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Lions Roar : May 2019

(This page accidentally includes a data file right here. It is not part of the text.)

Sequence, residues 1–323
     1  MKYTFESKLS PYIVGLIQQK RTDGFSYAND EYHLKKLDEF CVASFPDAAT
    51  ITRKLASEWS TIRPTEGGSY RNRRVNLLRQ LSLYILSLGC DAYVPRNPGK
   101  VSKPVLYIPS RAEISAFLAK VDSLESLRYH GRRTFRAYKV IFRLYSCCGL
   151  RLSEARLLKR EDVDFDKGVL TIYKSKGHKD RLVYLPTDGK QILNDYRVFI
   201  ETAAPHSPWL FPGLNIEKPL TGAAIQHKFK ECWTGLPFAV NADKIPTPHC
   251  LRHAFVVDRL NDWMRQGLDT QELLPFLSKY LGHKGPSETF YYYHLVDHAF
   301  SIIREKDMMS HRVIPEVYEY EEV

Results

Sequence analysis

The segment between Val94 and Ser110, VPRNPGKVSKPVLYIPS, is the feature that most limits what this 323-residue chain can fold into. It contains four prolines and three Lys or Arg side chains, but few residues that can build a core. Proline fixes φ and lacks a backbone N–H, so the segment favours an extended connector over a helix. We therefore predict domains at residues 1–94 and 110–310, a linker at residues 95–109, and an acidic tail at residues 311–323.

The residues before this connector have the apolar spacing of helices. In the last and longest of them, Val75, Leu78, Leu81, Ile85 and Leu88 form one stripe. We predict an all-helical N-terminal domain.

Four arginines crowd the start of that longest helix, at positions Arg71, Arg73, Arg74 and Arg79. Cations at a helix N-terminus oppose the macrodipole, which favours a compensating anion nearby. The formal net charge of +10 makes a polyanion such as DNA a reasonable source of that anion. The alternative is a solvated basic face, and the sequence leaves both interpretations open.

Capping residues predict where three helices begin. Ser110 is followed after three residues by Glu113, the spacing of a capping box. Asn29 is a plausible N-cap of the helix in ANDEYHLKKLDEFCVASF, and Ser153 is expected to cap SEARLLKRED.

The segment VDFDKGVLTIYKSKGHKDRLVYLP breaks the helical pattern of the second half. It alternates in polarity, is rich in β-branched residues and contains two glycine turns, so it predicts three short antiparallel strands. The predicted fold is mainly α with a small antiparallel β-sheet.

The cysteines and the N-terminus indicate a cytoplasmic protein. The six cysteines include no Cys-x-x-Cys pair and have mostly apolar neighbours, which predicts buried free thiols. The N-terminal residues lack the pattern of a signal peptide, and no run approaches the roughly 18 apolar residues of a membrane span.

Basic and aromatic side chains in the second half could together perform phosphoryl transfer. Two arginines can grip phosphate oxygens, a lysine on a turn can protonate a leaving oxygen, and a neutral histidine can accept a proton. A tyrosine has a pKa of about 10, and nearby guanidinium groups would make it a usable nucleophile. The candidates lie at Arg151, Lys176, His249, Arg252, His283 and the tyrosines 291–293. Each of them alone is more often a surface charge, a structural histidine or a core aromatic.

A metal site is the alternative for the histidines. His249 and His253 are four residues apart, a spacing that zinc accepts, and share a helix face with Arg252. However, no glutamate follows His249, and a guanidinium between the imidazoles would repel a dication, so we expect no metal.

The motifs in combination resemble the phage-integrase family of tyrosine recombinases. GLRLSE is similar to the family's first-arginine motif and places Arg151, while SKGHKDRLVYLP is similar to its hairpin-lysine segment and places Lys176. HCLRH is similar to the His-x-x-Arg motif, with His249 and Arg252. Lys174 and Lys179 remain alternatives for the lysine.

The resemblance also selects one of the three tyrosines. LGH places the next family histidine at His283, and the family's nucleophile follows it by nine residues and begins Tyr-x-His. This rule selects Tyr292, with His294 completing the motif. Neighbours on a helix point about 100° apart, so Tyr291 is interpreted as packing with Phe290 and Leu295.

PHOTOBYMICHAELSTONE Roshi Pat Enkyo O’Hara is abbot of the Village Zendo in New York and a founding teacher of the Zen Peacemaker Family. She is the author of Most Intimate: A Zen Approach to Life’s Challenges. guage, and our rules give notice to anyone “differ- ent” that they are not really welcome, that they are not really a part of our communities, our families, and our lives. How does this happen, even in the most openhearted Buddhist communities? How is it that we unconsciously create an “other”—some- one who does not fit into our idea of what’s acceptable? How can we become aware enough in order to examine our ideas of “other” so we contribute to co-creating a world without an “other” at all? Our noisy minds can be acti- vated when we are confronted with unconventional pronouns or with requests for accommodation to unfamiliar ways of being. We can easily become confused and reac- tive, falling back on old, received ideas from a society that has upheld discrimination and preju- dice—a society that abhors differ- ence from the norm. It’s almost as if the voices of the past are speak- ing in our minds, saying, “This is other, this is wrong,” or “You’re not doing gender the way I’ve always thought about it,” or “That’s not a real marriage.” And yet, if we can quiet that noisy reactivity it’s likely we’ll recognize the irrationality of our unconscious bias—that we’ll remember that all beings are of the nature of waking up, of buddha. The trick is to stop for a moment and listen to our whole being, our fireflies, and then look at the one we think of as “other.” Emmanuel Levinas, the Lithuanian-Jewish French Philosopher, wrote so poignantly on encountering the face of another: “The first word of the face is the ‘thou shalt not kill.’ It is an order. There is a commandment in the appearance of the face...at the same time, the face of the other is destitute; it is the poor for whom I can do all and to whom I owe all.” When we look into the actual face of the other—not our received ideas or our fears, but simply the human face of the other—we recognize our common humanity. When we drop our noisy thinking and sim- ply stop and behold the other, however we may perceive that other as different, we recognize our relationship as fellow beings in this world at this time. We recognize not just our relationship, but our interrelationship—our sharing in the world of life itself. Or, as Buddhist teachings have it, the interconnected reality of the web of life. Simply put, we must wake up! It is not diffi- cult, once we recognize the hidden bias and sense of privilege that hovers below the surface of our minds. As Buddhist practitioners, we can use our techniques of meditation, study, and chant- ing to help us open our understanding. And we can share the wisdom of these times—studies in diversity—to educate ourselves and our com- munities in such a way that we can recognize and examine the received ideas, the implicit biases, that have stopped the flow of compassion and understanding. But be careful, though. Even our desire to open our minds, to find a teaching that enlightens us, can be a re-visiting of our old notions of accept- able and not acceptable. There’s a beloved Zen story about a monk who went to visit Joshu, an eminent Zen master of the time. Joshu got his name from Joshu province where he was living, where there was a world-famous single span stone bridge, the first of its kind in China. When the monk came to Joshu’s shabby little temple, he said, “I’ve heard of the Great Stone Bridge of Joshu but now that I’ve come here, I just see an old log bridge.” Joshu replied, “Oh, you only see the log bridge! You don’t see the Stone Bridge.” The monk replied, “So, what is the Stone Bridge?” And Joshu said, “It lets asses cross, it lets horses cross.” It’s the bridge that welcomes all. But the monk could not see that, blinded as he was by his idea of how Joshu and his temple should look. He could not see beyond his preconceptions, and he missed the profound teachings of this great teacher who compassionately allowed all manner of seekers— horses and asses! Hopefully, the monk eventually sat quietly enough to stop the noise in his mind, and finally benefited from the teachings of the old log bridge. Here, in this time, we can benefit from the work of many in the diversity field. We can find where it is we “stick” in terms of culture, skin color, abilities, sexual preference, and gender diversity. We can see how often we are imagining a stone bridge of whiteness, able-bodiedness, het- erosexuality, and gender normativity. In doing so, we miss the deep and profound teachings of dif- ference, of fireflies, and of log bridges. LION’S ROAR | MAY 2019 70